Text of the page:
The University achieves its success through both its students and staff. Retaining quality staff is critical for UTS to maintain and grow its successes. This is especially important in an increasingly competitive labour market .
Losing a valued staff member can be costly to any organisation in terms of actual dollar costs, lost productivity, loss of corporate knowledge and disruption to the workplace. It is important that strategies are in place to retain valued and experienced staff. Managers are responsible for implementing retention strategies.
Retention strategies are not one off actions and need to be implemented throughout the employment cycle not just at the time a member of the work group informs you of their intention to take up a position elsewhere. By this stage it may be too late.
As a manager you need to understand the needs and aspirations of your staff and the strategies that will be effective in motivating and engaging them.
Cash incentives are commonly associated with retention. These can be important but the key to retention is to keep staff interested in, motivated by and engaged with the organisation and work that they perform within it. The following strategies may assist to achieve this:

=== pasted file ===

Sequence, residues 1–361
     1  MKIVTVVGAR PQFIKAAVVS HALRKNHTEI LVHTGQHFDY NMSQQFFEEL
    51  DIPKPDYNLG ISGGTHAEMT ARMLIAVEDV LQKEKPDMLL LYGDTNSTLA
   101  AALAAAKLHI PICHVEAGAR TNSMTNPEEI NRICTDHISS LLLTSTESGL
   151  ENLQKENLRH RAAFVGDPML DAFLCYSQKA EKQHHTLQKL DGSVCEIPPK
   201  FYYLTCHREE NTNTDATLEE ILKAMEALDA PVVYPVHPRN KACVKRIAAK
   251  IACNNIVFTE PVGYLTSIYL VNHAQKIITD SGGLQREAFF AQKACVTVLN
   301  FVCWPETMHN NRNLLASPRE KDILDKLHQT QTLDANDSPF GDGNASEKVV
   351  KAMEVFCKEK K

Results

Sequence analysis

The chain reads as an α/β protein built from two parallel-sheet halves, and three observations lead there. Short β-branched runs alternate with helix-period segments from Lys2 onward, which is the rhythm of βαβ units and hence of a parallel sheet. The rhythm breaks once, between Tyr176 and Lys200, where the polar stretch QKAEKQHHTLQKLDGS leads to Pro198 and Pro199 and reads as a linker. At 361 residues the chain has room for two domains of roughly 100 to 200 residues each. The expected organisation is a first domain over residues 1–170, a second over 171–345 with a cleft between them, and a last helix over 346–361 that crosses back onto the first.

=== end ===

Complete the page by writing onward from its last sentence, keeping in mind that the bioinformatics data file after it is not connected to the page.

- Delegate Responsibility – entrust staff with the responsibility for an activity not just the work associated with performing the activity, empower your staff and allow them to grow and to use their skills
- Development opportunities - provide new and varied opportunities to build capability, encourage growth and advancement. Allow your staff to shadow you or assist you with higher level activities
- Mentoring and coaching
- Achievement – set goals and objectives that allow your staff to achieve success
- Recognition and appreciation –recognise good work or when a staff member has worked hard to achieve an outcome. This can be done in many ways from a verbal or written thank you, to announcements at Faculty/Divisional meetings and nominations for UTS wide awards including CAP
- Varied and challenging work – allocate work that is worthwhile and important so that staff do not become bored or lose interest
- Listen - establish regular opportunities for staff to make suggestions and offer feedback, discuss them, and act on them where appropriate
- Flexibility – develop and maintain a work culture which supports and assists staff to manage their work-life balance issues and facilitate flexible working arrangements which can be accommodated by the work unit
Contact your HR Partnership team for assistance in relation to retention issues.